In the new film version of Dark Shadows, Johnny Depp, playing vampire Barnabas Collins, emerges from the coffin in 1972. The Dark Shadows TV series, sort of an afternoon gothic soap designed to appeal to hip kids, ran on American television from 1966-1971. Like the Austin Powers trilogy send-up of James Bond, more than a decade ago (1997-2002), the movie takes a popular culture icon fondly remembered by babyboomers who grew up in the 1960s, but gives it a comedic twist, whereas the originals had been deadly serious.
Both protagonists - Austin Powers and Barnabas Collins - find themselves in a time-warp. Austin attempts to assimilate in the compact disc age after being gone for three decades, while Collins, who had been enslaved in a coffin for nearly two centuries, has to comprehend such early 1970s-era essentials as television, miniskirts and Alice Cooper. The similarities don't end there.
Canadian actor Jonathan Frid, who died last month, originally played Barnabas in the TV series. He received his Shakespearian training at the Royal Academy of Dramatic Arts in London. It is clear from Austin Powers that Mike Myers, a fellow Canadian whose parents were both British, obviously wished he grew up in Swingin' London circa 1967 instead of Ontario.
At the 'BritWeek' Film & TV Summit in Los Angeles this past April 27, sponsored by Variety magazine, film producer Graham King explained that he was talked into the Dark Shadows project by Johnny Depp on the set of The Rum Diary, which was based on Hunter Thompson's first novel. King recruited Depp for that film. "In return, he brought me Dark Shadows. I didn't know about the series; we didn't have it in the UK," said King, who was impressed by Depp's passion for the subject matter. Depp gave the producer a book and the DVD of the original TV series. (The entire ABC-TV series was just released by MPI Home Video in a 31-DVD boxed set packaged as a coffin including all 1,225 episodes and priced at US$599.)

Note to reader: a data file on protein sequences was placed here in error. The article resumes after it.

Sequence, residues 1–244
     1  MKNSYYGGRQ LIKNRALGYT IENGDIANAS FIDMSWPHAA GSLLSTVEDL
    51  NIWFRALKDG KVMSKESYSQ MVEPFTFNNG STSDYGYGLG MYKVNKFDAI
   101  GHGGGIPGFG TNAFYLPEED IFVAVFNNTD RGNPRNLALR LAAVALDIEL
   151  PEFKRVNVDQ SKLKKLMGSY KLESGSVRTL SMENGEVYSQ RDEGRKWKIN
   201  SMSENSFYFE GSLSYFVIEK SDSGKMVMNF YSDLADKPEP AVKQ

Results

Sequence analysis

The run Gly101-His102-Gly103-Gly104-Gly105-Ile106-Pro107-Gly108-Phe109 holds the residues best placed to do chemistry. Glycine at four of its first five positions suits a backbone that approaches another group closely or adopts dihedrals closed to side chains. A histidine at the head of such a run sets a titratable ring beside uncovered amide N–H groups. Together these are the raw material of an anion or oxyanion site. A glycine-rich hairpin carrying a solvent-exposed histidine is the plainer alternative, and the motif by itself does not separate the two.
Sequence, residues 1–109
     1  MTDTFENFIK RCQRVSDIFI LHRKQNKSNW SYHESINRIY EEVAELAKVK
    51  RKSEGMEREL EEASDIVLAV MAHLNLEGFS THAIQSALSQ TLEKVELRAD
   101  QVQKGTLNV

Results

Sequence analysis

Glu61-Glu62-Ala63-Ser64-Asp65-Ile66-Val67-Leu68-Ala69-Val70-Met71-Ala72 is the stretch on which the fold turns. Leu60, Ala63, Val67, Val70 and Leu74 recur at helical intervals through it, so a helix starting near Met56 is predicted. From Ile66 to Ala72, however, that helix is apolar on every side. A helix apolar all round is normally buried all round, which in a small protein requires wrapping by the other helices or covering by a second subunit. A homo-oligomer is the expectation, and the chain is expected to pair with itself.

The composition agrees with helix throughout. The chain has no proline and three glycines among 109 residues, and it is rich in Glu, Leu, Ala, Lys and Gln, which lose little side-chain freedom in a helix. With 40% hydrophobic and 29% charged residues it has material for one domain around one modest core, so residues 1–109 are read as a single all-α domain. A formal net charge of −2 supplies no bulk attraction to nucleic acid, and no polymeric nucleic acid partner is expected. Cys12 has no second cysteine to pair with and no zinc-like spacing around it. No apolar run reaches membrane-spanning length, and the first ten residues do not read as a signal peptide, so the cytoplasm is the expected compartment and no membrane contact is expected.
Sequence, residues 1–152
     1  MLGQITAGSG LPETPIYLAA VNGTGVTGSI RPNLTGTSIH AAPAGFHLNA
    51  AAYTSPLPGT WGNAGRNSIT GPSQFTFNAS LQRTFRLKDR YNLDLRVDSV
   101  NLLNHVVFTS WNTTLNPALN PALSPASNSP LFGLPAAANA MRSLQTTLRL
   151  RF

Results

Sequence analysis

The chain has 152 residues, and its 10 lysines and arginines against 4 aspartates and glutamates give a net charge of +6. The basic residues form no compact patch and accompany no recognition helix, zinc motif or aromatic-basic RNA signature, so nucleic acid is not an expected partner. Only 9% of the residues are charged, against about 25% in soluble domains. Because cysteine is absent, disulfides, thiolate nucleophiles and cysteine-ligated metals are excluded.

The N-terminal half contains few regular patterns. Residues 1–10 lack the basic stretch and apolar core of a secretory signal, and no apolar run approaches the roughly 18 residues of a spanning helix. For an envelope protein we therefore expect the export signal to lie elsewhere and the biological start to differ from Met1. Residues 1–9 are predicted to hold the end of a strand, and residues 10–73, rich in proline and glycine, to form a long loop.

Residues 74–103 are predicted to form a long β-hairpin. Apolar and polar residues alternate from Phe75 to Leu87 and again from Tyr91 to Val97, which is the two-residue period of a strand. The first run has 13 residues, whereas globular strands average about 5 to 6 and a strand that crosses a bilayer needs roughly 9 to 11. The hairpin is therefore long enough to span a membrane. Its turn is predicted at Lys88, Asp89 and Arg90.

Depp brought to the project gothmeister Tim Burton to direct, "and off we went," said King, who said he never before had been in a preview audience in which there was "non-stop laughter for 90 minutes. It's a fun popcorn-eating movie."
The opening weekend audience I watched it with laughed some, but fell short of the hoopla that King apparently witnessed. King explained that the movie they made was not meant to be to be a remake of the original television series, but rather inspired by it.
Dark Shadows is an early example of Anglo-American cooperation, much like the film production itself (e.g., American star and director; British producer). To wit, young Barnabas' father packs up the family and leaves Liverpool to set sail across the Atlantic - apparently a few years before the colonies' revolt - to establish the family's fishing commercial business. Fast forward two centuries, the Collins family 'English cousin' arrives at the doorstep to restore his family's glory and seek revenge on the witch Angelique who turned him into a vampire after he spurred her eternal amorous advances.
Besides the aforementioned Frid, the movie also features Christopher Lee (who played Dracula in a Hammer Film) in a cameo role of a captain who is hypnotized by Anglophile Depp's Collins, who no doubt relished using a British accent throughout the movie.